Kenton Card (UCLA, Urban Planning, Ph.D. Student) – I am a filmmaker and PhD student in the Department of Urban Planning at the University of California, Los Angeles. In the past, I was a past Research Fellow with the German Academic Exchange Service and the American Institute for Contemporary German Studies at Johns Hopkins University. I used to edit Critical Planning Journal and work on statewide housing and environmental policy with Housing California and the Planning and Conservation League in Sacramento. Currently, my research interests include the housing crisis, tenant movements, and racial capitalism.
Esther Choi (UC San Diego, Ethnic Studies, Ph.D candidate) - I study the racialized processes of neoliberal dispossession that mark the shift from post-war suburbanization to the contemporary “experience economy” in the U.S. I have worked with various immigrant and tenant advocacy non-profits as well as racial justice organizing and teaching initiatives. I also write creative nonfiction and have participated in the VONA/Voices Writing Workshop.
Elvia Cruz (UC Santa Barbara, Environmental Studies B.A.): I am interested in learning how to help build community resilience in the face of climate change. I think there needs to be drastic change in our systems and institutions in order to avoid the worst-case scenarios as much as possible. Through my involvement with organizations such as Environmental Justice Alliance, Eco Vista, and Making Adventure Possible for All Students (MAPAS), I hope to initiate conversations of how we can get to a just future we envision and take action.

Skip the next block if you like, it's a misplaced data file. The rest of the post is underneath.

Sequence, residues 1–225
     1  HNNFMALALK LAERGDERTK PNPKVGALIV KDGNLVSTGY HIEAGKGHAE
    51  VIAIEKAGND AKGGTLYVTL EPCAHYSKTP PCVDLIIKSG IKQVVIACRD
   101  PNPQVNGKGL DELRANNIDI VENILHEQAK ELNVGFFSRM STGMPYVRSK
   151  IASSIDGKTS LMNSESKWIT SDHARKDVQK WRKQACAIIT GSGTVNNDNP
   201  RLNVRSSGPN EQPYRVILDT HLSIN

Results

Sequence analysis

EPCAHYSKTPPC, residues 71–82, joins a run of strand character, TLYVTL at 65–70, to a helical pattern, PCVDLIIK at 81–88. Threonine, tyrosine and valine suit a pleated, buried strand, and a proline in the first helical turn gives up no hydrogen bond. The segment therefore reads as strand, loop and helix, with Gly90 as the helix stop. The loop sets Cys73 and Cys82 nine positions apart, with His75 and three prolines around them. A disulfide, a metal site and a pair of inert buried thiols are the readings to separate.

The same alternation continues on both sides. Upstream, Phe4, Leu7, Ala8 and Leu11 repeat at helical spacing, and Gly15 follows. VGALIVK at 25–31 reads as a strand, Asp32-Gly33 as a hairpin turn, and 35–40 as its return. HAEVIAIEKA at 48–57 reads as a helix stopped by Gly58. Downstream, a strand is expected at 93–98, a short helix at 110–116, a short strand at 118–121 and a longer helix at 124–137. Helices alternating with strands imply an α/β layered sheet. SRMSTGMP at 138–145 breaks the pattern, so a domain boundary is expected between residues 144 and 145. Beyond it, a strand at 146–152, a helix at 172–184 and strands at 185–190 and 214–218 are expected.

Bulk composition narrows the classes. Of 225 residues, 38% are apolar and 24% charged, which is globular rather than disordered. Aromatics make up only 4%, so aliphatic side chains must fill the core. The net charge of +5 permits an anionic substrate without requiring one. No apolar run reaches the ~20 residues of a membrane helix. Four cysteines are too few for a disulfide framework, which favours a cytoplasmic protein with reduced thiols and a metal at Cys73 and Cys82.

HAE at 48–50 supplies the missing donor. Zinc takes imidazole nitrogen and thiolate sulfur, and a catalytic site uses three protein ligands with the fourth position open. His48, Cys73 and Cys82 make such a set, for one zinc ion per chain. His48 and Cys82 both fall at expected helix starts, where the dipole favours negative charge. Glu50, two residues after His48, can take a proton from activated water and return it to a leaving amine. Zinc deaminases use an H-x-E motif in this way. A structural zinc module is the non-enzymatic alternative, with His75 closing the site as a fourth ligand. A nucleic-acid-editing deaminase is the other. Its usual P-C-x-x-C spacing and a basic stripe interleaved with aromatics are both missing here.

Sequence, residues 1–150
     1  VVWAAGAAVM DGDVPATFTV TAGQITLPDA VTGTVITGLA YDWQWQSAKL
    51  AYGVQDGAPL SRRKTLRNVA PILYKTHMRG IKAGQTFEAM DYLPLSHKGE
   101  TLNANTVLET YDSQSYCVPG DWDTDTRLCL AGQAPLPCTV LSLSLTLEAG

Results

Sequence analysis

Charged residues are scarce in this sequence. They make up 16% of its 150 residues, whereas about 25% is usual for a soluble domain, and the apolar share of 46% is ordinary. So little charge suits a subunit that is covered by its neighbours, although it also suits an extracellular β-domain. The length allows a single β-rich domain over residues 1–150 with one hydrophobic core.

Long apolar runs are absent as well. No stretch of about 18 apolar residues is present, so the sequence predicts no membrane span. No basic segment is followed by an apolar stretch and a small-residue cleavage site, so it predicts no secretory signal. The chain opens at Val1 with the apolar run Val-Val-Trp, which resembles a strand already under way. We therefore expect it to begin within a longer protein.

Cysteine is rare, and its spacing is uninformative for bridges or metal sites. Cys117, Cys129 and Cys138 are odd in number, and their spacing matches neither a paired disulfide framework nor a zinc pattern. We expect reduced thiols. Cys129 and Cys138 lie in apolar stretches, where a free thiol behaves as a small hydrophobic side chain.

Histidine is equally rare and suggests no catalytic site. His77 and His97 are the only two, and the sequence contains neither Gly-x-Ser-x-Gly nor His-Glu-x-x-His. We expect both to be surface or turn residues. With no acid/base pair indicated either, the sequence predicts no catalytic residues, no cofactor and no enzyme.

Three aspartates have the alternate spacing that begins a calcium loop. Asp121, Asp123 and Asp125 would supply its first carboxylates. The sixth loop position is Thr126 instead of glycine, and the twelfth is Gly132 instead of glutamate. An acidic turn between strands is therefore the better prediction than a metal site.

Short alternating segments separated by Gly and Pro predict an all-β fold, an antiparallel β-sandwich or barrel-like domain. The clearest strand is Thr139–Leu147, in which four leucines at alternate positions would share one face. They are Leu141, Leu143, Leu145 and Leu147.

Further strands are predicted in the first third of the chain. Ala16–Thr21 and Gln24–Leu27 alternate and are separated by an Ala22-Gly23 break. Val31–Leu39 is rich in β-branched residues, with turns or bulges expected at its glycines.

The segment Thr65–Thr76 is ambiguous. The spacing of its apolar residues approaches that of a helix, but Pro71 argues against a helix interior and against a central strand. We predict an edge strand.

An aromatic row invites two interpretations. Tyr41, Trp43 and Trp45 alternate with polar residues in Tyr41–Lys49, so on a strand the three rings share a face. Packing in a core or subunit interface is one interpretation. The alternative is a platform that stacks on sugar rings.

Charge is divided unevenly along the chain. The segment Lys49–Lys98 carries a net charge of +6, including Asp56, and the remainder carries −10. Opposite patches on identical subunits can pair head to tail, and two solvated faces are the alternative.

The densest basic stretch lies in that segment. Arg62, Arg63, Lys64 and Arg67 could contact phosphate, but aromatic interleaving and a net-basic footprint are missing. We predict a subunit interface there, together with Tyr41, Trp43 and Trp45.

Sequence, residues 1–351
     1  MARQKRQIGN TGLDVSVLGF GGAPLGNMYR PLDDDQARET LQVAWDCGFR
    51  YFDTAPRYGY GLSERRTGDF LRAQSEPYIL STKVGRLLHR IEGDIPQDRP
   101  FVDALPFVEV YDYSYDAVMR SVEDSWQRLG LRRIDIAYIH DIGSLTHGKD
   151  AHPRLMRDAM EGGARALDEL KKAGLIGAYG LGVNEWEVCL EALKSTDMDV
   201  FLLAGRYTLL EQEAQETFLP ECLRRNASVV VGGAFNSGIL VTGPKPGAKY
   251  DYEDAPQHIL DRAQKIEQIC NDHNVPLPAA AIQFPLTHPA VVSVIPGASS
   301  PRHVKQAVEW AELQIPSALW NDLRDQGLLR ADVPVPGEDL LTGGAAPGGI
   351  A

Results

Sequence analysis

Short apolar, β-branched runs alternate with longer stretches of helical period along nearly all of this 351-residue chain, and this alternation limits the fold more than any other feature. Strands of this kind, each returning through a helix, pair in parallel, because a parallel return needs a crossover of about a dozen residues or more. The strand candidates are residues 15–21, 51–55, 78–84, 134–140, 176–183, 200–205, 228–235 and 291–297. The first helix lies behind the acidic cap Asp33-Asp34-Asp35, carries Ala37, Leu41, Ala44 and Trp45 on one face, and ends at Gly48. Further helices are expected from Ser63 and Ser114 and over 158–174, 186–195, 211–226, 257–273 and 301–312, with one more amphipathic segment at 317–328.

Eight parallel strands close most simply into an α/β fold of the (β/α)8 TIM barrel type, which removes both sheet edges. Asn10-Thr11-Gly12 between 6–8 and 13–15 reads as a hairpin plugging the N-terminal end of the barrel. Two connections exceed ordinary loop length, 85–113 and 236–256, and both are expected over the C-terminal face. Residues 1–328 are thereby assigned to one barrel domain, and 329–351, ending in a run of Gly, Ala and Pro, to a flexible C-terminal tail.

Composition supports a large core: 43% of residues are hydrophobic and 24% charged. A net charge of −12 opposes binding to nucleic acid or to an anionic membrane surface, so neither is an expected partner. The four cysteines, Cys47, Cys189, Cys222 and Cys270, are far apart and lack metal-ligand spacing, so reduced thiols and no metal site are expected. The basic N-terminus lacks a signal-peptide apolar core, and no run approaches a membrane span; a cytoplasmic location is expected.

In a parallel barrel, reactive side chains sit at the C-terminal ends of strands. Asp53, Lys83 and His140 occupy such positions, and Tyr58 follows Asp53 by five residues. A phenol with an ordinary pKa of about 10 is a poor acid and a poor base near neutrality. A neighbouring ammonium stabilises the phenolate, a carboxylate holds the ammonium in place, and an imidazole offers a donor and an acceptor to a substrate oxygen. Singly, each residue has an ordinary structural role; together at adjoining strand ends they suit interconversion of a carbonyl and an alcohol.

Carlie Domingues (UCLA, American Indian Studies, Master’s Student) - My large Chumash family raised me in our homelands and this upbringing continues to influence my academic research. I focus on the interconnectivity of indigenous women’s stories and management of natural resources and ecosystems. Formally trained as a Literature and History student at UCSC, I bring my humanities lens and methods to interrogate California Indian women's stories and histories as a way to honor the long history of environmental sustainability of California’s first nations and indigenous communities and activate our continued existence.
Diana Garcia (UC Santa Barbara, Environmental Studies, B.S) - I am a third year Environmental Studies student minoring in Chemistry and Latin American and Iberian Studies. I am interested in closing the huge divide between the social-cultural courses and the more scientific courses in the environmental studies department. I focus on the intersectionality of the environmental movement which can include indigenous sovereignty, traditional ecological knowledge, environmental justice, environmental racism, climate justice, food insecurity, and so on. I am passionate about studying and researching environmental justice/racism cases locally, nationally, and globally. Additionally, My concentration of chemistry allows me to study things like environmental toxicology, air quality, and water quality, allowing me to study how toxins and chemicals break down in people's bodies. However, my extracurriculars such as my involvement with UCSB’s Environmental Justice Alliance (EJA) allows me to look at the social and cultural effects of environmental justice and environmental racism.
Rachel Huang (UC Santa Barbara, Chemistry and Biopsychology, B.S.) - I am interested in how campus laboratories can be more proactive in reducing energy consumption as well as exercising purchasing power. Being a chemistry major, I experience first-hand the difficulties in being resourceful within a lab space as well as the wastefulness of being in research labs. As a Carbon Neutrality Initiative fellow, I hope to implement ways that reduce energy consumption in laboratory spaces with a focus on Heating, Ventilation, and Air Conditioning